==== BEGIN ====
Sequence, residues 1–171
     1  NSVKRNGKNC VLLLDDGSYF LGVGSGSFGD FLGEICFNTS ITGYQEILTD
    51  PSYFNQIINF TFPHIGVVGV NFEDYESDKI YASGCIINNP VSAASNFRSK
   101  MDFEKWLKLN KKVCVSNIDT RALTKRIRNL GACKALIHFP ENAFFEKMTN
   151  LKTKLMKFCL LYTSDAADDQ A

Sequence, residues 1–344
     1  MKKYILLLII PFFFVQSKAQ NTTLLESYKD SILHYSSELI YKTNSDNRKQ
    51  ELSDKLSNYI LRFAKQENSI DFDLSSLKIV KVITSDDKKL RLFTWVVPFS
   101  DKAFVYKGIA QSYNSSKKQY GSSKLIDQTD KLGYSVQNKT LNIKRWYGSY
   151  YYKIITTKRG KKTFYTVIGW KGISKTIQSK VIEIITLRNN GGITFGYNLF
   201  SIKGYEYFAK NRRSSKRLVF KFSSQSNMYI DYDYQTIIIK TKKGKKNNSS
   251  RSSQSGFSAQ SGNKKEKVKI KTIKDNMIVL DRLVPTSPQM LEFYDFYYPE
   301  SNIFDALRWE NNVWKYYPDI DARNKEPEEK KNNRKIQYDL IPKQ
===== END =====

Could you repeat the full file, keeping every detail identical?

Sequence, residues 1–171
     1  NSVKRNGKNC VLLLDDGSYF LGVGSGSFGD FLGEICFNTS ITGYQEILTD
    51  PSYFNQIINF TFPHIGVVGV NFEDYESDKI YASGCIINNP VSAASNFRSK
   101  MDFEKWLKLN KKVCVSNIDT RALTKRIRNL GACKALIHFP ENAFFEKMTN
   151  LKTKLMKFCL LYTSDAADDQ A

Sequence, residues 1–344
     1  MKKYILLLII PFFFVQSKAQ NTTLLESYKD SILHYSSELI YKTNSDNRKQ
    51  ELSDKLSNYI LRFAKQENSI DFDLSSLKIV KVITSDDKKL RLFTWVVPFS
   101  DKAFVYKGIA QSYNSSKKQY GSSKLIDQTD KLGYSVQNKT LNIKRWYGSY
   151  YYKIITTKRG KKTFYTVIGW KGISKTIQSK VIEIITLRNN GGITFGYNLF
   201  SIKGYEYFAK NRRSSKRLVF KFSSQSNMYI DYDYQTIIIK TKKGKKNNSS
   251  RSSQSGFSAQ SGNKKEKVKI KTIKDNMIVL DRLVPTSPQM LEFYDFYYPE
   301  SNIFDALRWE NNVWKYYPDI DARNKEPEEK KNNRKIQYDL IPKQ